This year, however, more processors are queuing up thanks to a decision by the province’s fish processing licensing committee in 2022 to issue two new crab licenses.
Grant counters with a different view.
“Splitting the pie even more isn’t the solution,” he said. Adding more processing capacity could mean less work at other plants.
Last year, workers at a St. Lawrence crab factory protested the new processing licenses, fearing they would lose weeks of work if their factory lost snow crabs to another operator.
As for those travel restrictions, Grant said getting all the crabs ashore in a short amount of time wouldn’t help anyone.
On the one hand, the cold storage capacities in the province are limited.
“There has to be some sensible way to expedite this fishery so that product comes ashore in a reasonable time frame to ensure quality (and) it gives people meaningful employment rather than working 30 days straight and then are they unemployed.”
Meanwhile, FFAW President Greg Pretty said the current structure “endangers the integrity of the final offering selection”.
He said the grievance process is lengthy, costly and broken (and) “the provincial government’s evasion of responsibility and allowing large corporations to escape punishment for high levels of civil disobedience only serves to normalize disruption.”
If the tone of those words is any indication, there could be some tough negotiations before the crab season begins this year.
Provincial fisheries minister Derek Bragg says it’s what keeps him up at night.
“There’s so much that scares me,” he said in a recent interview, “market conditions, fuel prices, whatever.”
The 2022 season began, like many of them, with protests at the Confederation Building in St. John’s.
Last year FFAW demonstrated that it is demanding more shrimp processing licenses and allowing buyers from other provinces to level the playing field for harvesters by creating more competition for the catch.
Bragg said he won’t be surprised if he faces a different angry crowd this year.
“I’m pretty sure about that,” he said, noting, “When I met up with Greg Pretty last week, one of his comments was that they’re going to take it to the streets.”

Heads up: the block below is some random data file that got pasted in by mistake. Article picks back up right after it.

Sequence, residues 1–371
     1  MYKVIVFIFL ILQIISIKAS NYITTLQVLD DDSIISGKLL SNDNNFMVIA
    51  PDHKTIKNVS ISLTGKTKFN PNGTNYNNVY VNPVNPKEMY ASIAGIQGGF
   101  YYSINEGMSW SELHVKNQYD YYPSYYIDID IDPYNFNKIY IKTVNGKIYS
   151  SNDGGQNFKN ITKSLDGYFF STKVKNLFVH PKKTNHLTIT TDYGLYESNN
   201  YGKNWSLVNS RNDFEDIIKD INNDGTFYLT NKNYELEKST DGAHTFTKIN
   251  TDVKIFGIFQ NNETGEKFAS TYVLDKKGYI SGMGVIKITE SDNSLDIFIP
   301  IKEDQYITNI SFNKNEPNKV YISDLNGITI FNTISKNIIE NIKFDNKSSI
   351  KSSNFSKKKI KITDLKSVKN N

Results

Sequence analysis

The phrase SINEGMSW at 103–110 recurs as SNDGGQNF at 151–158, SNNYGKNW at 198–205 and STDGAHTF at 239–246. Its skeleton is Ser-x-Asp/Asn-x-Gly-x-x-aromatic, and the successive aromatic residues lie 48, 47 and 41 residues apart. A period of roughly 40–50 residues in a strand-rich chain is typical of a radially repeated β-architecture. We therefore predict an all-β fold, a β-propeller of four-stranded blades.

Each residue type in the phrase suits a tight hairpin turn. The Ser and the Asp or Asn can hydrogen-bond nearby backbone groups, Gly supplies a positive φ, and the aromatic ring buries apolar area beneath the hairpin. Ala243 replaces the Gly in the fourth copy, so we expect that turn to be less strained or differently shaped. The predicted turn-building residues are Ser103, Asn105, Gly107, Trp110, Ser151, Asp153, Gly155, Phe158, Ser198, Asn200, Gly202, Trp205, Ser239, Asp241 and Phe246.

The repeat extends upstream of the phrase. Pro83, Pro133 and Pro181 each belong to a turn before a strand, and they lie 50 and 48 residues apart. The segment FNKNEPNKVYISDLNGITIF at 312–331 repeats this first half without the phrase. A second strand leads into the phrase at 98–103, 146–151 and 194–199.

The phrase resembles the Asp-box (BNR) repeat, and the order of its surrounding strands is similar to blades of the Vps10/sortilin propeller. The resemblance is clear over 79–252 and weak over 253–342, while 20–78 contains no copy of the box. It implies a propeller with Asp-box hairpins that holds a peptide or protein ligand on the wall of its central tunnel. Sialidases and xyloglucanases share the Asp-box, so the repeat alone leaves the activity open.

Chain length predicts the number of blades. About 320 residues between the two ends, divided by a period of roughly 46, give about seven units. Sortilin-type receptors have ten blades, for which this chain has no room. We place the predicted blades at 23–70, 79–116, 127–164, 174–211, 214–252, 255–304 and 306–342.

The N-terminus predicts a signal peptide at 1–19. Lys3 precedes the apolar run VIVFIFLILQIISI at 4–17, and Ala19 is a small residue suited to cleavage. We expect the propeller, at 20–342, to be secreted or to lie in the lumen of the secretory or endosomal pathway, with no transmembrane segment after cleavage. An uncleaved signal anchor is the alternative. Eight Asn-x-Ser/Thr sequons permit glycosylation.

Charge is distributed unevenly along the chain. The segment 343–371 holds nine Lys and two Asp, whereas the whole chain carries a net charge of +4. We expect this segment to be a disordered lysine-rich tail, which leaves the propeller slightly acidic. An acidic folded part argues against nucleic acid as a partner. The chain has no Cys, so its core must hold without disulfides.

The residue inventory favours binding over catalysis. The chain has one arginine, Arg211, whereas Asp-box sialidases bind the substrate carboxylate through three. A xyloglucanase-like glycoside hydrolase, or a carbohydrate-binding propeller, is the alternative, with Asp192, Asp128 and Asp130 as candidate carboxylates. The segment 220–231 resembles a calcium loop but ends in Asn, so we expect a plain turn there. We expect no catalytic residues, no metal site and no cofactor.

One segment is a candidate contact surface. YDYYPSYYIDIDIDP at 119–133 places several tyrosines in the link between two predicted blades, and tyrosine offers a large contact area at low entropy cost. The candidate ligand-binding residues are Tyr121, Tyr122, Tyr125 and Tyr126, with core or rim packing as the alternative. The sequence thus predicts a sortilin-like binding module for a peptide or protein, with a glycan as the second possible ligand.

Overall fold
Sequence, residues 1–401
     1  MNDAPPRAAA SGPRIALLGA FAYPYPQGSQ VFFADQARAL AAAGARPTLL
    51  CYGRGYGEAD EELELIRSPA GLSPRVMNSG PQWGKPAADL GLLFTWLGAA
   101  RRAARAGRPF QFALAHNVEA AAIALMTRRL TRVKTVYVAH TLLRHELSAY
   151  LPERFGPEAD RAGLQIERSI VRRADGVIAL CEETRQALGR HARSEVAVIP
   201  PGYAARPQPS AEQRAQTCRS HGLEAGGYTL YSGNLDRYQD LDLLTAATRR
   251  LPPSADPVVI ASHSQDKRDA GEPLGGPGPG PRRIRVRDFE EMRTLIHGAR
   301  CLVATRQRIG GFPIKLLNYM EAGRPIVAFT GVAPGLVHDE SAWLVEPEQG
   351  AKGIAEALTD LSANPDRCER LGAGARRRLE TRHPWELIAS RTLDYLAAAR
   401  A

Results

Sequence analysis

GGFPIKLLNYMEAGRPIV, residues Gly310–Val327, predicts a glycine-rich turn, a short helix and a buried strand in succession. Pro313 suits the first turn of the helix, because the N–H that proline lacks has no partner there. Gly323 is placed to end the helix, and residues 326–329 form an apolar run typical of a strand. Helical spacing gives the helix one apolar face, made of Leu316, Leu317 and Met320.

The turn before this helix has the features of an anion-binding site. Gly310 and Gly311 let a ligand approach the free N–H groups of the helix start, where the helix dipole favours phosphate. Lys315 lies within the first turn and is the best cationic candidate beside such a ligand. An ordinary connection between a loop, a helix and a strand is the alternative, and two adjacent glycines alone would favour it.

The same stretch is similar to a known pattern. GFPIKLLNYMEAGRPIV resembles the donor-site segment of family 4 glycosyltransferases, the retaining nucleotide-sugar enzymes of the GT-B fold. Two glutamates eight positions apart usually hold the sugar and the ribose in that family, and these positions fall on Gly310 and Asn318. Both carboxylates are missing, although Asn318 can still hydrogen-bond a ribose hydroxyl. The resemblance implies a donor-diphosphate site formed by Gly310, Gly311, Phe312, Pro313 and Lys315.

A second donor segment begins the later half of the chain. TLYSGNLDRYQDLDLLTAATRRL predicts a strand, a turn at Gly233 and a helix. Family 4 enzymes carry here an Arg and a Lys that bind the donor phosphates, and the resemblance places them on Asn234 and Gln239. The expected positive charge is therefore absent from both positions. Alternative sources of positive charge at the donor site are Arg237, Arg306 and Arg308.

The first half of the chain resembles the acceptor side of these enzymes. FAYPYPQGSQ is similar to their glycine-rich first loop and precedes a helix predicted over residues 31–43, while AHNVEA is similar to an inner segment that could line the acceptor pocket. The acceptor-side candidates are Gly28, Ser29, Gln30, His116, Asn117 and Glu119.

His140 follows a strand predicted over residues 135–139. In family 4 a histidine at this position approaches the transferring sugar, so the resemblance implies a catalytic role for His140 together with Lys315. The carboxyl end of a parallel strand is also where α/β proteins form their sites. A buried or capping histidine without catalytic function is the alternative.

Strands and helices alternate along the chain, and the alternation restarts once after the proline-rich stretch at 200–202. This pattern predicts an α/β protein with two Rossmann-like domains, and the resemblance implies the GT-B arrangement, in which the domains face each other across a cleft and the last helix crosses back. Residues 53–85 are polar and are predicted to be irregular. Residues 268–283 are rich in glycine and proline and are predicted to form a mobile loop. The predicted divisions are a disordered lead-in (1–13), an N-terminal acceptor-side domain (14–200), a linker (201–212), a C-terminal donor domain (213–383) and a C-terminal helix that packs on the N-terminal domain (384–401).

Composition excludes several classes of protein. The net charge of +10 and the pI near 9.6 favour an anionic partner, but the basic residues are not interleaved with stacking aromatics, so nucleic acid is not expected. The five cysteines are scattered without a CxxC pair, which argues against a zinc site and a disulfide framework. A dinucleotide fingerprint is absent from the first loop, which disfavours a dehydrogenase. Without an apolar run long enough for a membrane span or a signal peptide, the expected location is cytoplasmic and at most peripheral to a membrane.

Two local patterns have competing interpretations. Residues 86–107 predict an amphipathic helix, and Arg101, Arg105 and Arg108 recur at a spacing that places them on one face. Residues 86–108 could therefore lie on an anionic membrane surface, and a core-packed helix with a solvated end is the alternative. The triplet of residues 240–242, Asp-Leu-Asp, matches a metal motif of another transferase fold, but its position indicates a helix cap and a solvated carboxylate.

Bragg can only hope it doesn’t come to that.
“I’ve sometimes been accused of being on the ownership side, but what I say about that is, this is like a wheel, it doesn’t turn, it doesn’t move until every spoke works.
“They need the harvesters as much as they need the processors and everyone who works in the plants and the truck drivers.”
The provincial economy also needs the money.
“This is a $1.2 billion fishery for our economy that we can’t afford to lose two cents of,” Bragg said, adding, “I have knots in my stomach. I won’t sleep until I know fish are landing and we’ve made arrangements.”
At Robert’s Arm, Trevor Jones reflects on all the things on his to-do list for the weeks leading up to April.
As chairman of the 3K Crab Committee, union meetings and DFO science meetings are on his agenda.
There is also the task of preparing the boat for another fishing season.
Inflation bites him hard.
It costs more to fill up the tanks for each fishing trip, and insurance premiums alone cost him $25,000 a year, double what it was a few years ago.
“To run our company now, it’s two or three times what it was last year,” he said.
He wonders if he might have time or if it would even be feasible to go seal hunting for a few weeks before the crab starts.
He’s skated his boat before, but made a pass last year.
Seal season overlaps with crab season and with higher crab prices and a gut feeling prices wouldn’t stay high for long, he knew it was best to get his snow crab quota as soon as possible.
As usual, uncertainty is the theme for another season.
Nonetheless, Jones is determined to stay with this business and hopefully pass it on to the next generation.
Two of his boys now fish with him and his eldest son, and the boat’s namesake, Nathan, is co-captain in the wheelhouse.
Jones says he never pushed them to get involved in the fisheries, but they saw their future there and he never discouraged them.
Even if there isn’t that much money to be made from this year’s shrimp fishery, he said, they’ll keep going and look for new opportunities — maybe capelin this year, maybe redfish — anything to keep the 65-foot sailboat sailing and that Family business afloat.